What Buyers Want From Photographers
What particularly caught my eye in the new survey by Photoshelter “What Buyers Want From Photographers” were two statistics. First, 61% of buyers search Google for images, and secondly, 87% go to stock agencies for images (though it is a little unclear on whether the survey was indicating that 87% go to stock agencies for images…or 87% go to agencies other than Getty and Corbis…(but either way you can’t beat the agencies in terms of getting art directors to see your stock images).
Getting Work In Front of Stock Photo Buyers
Think about it. If your images are not on your site, and your site isn’t optimized for the search engines, you are missing out on the chance of getting your work in front of 61% of image-licensing art buyers (be they designers, art directors, art buyers, editors or whatever). That is huge! On the other hand, if you are not with stock agencies your missing out on the 87% of image buyers (or more) who turn to agencies.
Fatter Stock Photo Royalty Checks
I would propose that you are well served in having your images online on your optimized site whether those images are with agencies or whether you license them yourself. It just makes sense. If you are with agencies you can link your images directly to where people can license them through the agency. That way the process is automated…no negotiating, answering e-mails or phone calls or anything else. Just get a fatter royalty check each month (or quarter).
Additional Stock Photo Income
I don’t take the trouble to track down how many of the twenty to thirty people each day that go from my site to the agencies actually license my imagery…I imagine it is a relatively low percentage. And yet, with Blend Images in the last week I happen to know that two art buyers found the images on my site, and then were directed to Blend where the licensing transactions were completed. In both cases I had forgotten to provide the link from my site to the Blend Images site and had to manually provide that link to the buyers. In those two cases the increase in my own income amounted to just over $800.00. Yesterday I also completed a transaction in which I licensed two more images, that are not with any agencies yet, for a total of $600.00. My stock photography income would be noticeably lower at this point without my efforts at getting my pictures online and putting the time and effort into SEO. The downside thus far has been the tremendous amount of time and effort I have put into the site...time and effort I believe will be well rewarded over the coming years.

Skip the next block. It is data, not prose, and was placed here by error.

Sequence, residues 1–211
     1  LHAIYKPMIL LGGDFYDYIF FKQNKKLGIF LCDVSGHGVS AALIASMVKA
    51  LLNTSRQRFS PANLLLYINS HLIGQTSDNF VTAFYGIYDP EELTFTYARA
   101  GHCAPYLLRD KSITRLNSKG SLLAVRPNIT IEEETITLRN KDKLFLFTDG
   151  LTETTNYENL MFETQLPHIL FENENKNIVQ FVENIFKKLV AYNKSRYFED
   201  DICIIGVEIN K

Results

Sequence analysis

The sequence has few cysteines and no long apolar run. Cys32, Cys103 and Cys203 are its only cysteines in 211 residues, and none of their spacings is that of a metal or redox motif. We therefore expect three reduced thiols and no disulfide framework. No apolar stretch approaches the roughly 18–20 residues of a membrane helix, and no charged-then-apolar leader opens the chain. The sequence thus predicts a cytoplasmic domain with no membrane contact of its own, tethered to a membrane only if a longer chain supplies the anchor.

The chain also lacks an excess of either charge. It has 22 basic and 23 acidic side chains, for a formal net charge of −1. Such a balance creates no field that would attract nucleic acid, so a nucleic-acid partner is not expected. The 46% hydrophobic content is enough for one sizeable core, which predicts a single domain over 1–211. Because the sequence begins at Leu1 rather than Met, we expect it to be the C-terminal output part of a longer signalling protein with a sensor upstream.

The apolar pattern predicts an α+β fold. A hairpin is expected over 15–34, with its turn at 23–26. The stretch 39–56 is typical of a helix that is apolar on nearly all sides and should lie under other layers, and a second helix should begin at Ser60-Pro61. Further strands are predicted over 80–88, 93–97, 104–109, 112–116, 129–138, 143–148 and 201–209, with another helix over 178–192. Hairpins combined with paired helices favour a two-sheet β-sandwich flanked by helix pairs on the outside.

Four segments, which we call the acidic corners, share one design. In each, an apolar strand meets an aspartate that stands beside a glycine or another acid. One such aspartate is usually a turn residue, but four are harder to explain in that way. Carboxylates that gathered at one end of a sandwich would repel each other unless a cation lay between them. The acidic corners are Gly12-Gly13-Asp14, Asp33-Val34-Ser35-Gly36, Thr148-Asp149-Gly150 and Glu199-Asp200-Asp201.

Building Traffic For Photo Sites
Further, by doing this work now, if at some point it makes sense to be licensing more, or even all of my own work, I will already have the hardest thing to achieve in place…the traffic! If that sort of back-up plan is important to you, then the time to start is now. Building traffic for your photo site takes time…and a lot of it. Plan on giving it three to five years to achieve decent results. Of course, what "decent" means can vary. It has taken me two and a half years to go from one person a week to well over a thousand a day...and my goal is ten thousand a day (got a ways to go).
Online Photos and SEO Is Good Business
One more thing. As any successful business can tell you, success comes from servicing your clients well. When you put your images online and provide proper SEO, you are making the lives of art buyers easier. You are helping them find the images that solve their visual problems. Simply put, getting your photography on the Internet, and making it easy to find, is good business.
Nice article. SEO brings definitely another source of buyers. On the other hand it's getting crowded and needs the agency's attention as well as other things.
Hi John, I'd love you to take a look at ImageBrief.com as an alternative to putting your images up on stock libraries. It's a 70/30 split for photographers.
I'd love to know what you think.
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